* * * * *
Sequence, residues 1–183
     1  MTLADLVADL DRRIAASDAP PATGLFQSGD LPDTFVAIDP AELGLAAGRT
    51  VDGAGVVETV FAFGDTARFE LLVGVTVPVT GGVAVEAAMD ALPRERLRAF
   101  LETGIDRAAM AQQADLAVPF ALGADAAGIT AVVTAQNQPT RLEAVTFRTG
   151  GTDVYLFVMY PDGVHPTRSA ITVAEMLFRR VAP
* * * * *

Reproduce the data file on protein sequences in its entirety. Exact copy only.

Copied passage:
Sequence, residues 1–183
     1  MTLADLVADL DRRIAASDAP PATGLFQSGD LPDTFVAIDP AELGLAAGRT
    51  VDGAGVVETV FAFGDTARFE LLVGVTVPVT GGVAVEAAMD ALPRERLRAF
   101  LETGIDRAAM AQQADLAVPF ALGADAAGIT AVVTAQNQPT RLEAVTFRTG
   151  GTDVYLFVMY PDGVHPTRSA ITVAEMLFRR VAP